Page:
The following are my main takeaways from the video, quoting and paraphrasing the content.
Siddhārtha sees a sick person, an old person and a dead person. This undermines his having (existential) mode and causes an existential crisis.
Then he sees a mendicant, someone who has renounced the having mode, and the peace on the mendicant’s eyes, the being mode.
Disillusionment has 2 senses:
Self-denial is the negation of self-indulgence, but still having mode. Too tight is just as bad as too loose.
This is when Siddhārtha discovers the middle path: to transcend the having mode by rejecting both self-indulgence and self-denial.
Sati means to remember what is it like to be in the being mode. Today it is translated into mindfulness. The set of psychotechnologies that bring about awakening.
Re-member means to be a member again. When you wake up you remember your world and your identity.
Buddha means the awakened one.
Distinction between the language of training and the language of explaining.
Being present is having the right kind of concentration. Paying attention. Renewing your interest.
Interest comes from inter esse and means to be within something.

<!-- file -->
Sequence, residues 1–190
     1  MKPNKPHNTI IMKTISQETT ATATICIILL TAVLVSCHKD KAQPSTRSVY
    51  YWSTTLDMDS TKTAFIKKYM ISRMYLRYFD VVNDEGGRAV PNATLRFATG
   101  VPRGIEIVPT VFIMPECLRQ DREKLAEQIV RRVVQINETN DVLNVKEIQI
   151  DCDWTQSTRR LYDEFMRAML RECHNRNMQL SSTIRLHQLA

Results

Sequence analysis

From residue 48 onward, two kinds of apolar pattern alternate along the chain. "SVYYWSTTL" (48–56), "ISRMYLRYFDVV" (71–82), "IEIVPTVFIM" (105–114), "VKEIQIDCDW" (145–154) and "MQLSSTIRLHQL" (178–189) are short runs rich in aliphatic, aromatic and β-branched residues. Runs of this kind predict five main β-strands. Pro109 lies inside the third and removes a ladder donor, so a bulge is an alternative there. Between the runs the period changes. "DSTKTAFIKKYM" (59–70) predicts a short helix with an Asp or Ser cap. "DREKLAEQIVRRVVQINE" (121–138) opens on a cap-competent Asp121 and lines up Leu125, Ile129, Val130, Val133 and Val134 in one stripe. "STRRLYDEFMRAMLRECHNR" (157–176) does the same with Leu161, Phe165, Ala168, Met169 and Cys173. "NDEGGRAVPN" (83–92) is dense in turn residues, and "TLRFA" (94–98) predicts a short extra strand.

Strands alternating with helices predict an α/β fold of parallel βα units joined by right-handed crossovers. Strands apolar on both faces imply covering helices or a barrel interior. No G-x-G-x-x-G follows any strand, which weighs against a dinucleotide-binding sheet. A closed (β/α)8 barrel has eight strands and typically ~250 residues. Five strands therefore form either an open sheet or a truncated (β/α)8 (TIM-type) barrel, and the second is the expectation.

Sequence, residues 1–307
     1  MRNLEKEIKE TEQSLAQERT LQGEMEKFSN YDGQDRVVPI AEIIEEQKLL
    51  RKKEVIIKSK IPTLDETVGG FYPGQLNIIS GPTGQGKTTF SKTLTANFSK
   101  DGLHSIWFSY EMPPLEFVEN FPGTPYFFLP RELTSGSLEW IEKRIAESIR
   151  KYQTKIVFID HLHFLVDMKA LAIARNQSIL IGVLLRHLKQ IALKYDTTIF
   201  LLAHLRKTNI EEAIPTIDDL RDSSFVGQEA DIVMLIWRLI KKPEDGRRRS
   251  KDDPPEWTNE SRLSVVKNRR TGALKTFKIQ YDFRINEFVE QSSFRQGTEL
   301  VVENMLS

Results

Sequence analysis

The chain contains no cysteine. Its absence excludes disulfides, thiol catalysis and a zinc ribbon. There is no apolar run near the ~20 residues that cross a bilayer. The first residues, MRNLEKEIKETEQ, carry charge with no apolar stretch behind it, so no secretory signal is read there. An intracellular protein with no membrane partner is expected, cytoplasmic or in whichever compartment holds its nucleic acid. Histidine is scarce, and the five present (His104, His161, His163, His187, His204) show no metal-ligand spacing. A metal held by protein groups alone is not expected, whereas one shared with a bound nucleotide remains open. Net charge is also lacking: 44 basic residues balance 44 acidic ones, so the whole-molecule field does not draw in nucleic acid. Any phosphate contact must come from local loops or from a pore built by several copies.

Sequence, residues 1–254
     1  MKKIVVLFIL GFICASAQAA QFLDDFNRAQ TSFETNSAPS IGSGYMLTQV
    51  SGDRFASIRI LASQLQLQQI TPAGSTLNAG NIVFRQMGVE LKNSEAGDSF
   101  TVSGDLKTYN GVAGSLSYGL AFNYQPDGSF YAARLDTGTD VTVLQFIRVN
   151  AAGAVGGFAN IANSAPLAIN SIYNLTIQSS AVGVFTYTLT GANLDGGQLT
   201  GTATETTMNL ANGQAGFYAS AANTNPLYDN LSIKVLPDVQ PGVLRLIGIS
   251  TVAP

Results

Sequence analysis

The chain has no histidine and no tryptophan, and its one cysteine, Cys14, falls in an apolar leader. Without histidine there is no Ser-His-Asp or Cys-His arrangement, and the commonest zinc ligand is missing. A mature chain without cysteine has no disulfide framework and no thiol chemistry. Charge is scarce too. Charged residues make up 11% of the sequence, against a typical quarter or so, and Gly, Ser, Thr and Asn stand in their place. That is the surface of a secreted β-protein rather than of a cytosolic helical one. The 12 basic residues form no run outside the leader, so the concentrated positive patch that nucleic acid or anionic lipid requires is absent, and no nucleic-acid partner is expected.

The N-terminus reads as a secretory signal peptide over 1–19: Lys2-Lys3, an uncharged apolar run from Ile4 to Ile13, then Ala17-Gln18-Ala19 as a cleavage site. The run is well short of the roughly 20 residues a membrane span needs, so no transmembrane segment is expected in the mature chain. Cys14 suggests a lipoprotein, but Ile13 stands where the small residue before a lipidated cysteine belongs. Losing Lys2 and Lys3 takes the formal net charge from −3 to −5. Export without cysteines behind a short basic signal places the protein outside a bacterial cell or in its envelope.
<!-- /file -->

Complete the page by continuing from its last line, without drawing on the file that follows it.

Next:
Attention is a very complex optimization process, it is about tuning and getting between too tight and too loose, and allowing you to become intimately involved, conformed to, participating, inter esse with what you are paying attention to. It is not a spotlight.
Attention makes things more salient.
To practice something is to optimize it by doing something else.
You pay attention by optimizing some other process, e.g.:
Cognitive unison is coordinating various processes so that they are sharing the same goal and working well together.
What we need to understand is:
Not just insights into particular problems, but the systematic insight that is awakening, that motivates and empowers people to radically transform themselves, so that they can escape from modal confusion and other existential dilemmas.
Next: episode 9.
Previous: episode 7.